Desmond Tutu said “There comes a point where we need to stop just pulling people out of the river. We need to go upstream and find out why they’re falling in”. Last week I attended the “Symposium for Goodness’ Sake” in Austin, TX sponsored by Mobile Loaves & Fishes (MLF). I was incredibly moved and inspired to see their Community First! Village where 350 formerly chronic homeless neighbors live with dignity and independence. But this 51 acres of micro-homes, park model homes, RVs, and 3D printed homes is so much more than just a master planned development - it truly is the kind of community that I think we all long for. In fact, I stayed on site in one of their tiny homes and found it to be a place where I would want to live. MLF believes that the single greatest cause of homelessness is the profound, catastrophic loss of family and that housing alone will never solve homelessness, but community will. And for many of us, family means not only our biological family, but our friends and our community. It’s having a place of affiliation and a sense of belonging that is not constantly under threat.
As I near the end of my term in December 2024, I am laser focused on finding solutions to our greatest challenges. But in order to do that, it has been imperative for me to first understand what those challenges are. Albert Einstein said “If I had an hour to solve a problem and my life depended on it, I would use the first 55 minutes determining the proper question to ask”. Which is why I have spent a tremendous amount of time with our service providers and nonprofits like Central City Concern’s Hooper Detoxification Stabilization Center, Cultivate Initiatives and New Narratives. By hearing from frontline workers and those with lived experience I have gained a deeper understanding of the trauma and challenges of our most vulnerable residents and the gaps that exist within our services.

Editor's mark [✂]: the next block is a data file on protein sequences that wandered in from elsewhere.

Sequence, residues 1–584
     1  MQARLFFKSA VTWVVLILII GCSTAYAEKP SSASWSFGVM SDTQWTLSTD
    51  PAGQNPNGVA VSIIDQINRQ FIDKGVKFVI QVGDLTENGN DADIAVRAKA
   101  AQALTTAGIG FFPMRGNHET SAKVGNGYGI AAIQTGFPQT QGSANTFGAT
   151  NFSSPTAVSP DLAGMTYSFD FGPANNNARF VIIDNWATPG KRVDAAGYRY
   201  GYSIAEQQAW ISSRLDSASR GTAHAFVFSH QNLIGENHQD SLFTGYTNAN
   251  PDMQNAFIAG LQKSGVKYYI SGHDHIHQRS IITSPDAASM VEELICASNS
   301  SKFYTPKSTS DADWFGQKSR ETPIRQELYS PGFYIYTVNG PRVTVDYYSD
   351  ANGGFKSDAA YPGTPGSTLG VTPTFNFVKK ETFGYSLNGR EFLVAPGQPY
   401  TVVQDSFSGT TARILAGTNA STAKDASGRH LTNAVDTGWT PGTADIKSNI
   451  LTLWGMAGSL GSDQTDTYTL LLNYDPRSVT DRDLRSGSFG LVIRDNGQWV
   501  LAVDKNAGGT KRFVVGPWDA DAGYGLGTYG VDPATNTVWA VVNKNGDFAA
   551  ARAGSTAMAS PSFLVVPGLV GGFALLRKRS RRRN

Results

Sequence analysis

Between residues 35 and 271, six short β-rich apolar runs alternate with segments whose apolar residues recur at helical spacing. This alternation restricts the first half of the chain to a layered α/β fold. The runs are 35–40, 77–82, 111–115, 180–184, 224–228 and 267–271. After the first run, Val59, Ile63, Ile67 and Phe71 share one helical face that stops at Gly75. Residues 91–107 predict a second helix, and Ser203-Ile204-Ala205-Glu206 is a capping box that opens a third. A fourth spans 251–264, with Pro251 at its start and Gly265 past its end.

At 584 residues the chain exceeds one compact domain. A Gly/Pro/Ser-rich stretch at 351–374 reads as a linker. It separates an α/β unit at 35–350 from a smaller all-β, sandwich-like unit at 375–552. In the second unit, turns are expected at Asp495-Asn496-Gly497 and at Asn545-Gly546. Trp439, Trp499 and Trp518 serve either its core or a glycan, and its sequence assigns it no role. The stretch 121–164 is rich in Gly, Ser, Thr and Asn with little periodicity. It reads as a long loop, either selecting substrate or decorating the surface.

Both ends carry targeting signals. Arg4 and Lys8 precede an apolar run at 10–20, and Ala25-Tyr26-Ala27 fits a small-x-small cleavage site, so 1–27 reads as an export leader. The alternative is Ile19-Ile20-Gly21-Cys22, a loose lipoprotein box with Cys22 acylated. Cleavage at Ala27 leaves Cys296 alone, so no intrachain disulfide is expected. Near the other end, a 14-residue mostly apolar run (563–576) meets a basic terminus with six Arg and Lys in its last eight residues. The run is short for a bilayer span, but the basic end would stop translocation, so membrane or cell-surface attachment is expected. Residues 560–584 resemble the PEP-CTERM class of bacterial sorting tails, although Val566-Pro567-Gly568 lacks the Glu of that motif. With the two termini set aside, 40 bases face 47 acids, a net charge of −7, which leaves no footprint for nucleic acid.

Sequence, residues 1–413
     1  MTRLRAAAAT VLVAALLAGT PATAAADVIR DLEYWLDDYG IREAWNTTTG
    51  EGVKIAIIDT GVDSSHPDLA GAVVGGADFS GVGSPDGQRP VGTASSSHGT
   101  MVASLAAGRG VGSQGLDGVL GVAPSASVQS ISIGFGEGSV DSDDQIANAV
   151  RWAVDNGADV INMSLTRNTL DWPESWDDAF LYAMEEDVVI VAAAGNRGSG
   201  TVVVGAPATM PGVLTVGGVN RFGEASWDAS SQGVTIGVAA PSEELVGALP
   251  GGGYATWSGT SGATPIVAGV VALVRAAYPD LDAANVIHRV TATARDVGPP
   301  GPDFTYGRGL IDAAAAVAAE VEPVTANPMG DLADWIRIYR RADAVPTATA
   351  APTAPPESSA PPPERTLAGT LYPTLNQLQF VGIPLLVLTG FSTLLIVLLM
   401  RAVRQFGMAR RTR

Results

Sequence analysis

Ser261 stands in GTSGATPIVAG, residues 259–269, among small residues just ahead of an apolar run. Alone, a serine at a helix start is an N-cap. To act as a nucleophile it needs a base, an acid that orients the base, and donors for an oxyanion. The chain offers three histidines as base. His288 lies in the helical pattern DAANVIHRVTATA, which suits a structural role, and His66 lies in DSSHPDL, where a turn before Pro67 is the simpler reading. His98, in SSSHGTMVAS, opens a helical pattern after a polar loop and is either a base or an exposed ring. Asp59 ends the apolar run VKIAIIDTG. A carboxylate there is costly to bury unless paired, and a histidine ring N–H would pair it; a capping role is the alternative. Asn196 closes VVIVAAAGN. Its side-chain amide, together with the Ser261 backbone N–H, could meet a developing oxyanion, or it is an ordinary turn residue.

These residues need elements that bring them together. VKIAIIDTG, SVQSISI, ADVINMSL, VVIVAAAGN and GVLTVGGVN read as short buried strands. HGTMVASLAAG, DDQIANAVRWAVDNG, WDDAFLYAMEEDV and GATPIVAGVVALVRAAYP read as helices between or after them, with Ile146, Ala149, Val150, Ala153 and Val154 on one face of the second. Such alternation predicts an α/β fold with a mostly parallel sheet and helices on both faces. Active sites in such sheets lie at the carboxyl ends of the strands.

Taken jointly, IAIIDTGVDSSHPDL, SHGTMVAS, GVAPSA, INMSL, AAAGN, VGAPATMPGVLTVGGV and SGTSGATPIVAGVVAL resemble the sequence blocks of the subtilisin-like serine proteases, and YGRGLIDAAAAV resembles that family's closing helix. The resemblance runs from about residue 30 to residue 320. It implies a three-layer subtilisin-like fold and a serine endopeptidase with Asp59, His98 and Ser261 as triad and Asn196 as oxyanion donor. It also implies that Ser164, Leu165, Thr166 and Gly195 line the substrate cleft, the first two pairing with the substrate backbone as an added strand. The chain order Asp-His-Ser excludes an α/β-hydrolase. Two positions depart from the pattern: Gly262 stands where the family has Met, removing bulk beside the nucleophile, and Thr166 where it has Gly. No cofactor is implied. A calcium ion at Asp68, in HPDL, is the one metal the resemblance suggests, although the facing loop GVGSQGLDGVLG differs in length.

Internally, I continue to work with our frontline staff to hear first hand the challenges and strengths of our programs and departments - from in depth meetings with our corrections deputies at our Multnomah County Detention Center to doing a ride along with Parole and Probation and learning about the African-American Program for men on parole.
While we must continue to provide relief aid for our most vulnerable neighbors, we must also find a way to not just house people but to provide a true community that embraces them. In this newsletter you will find a few highlights of the accomplishments that will take us in that direction.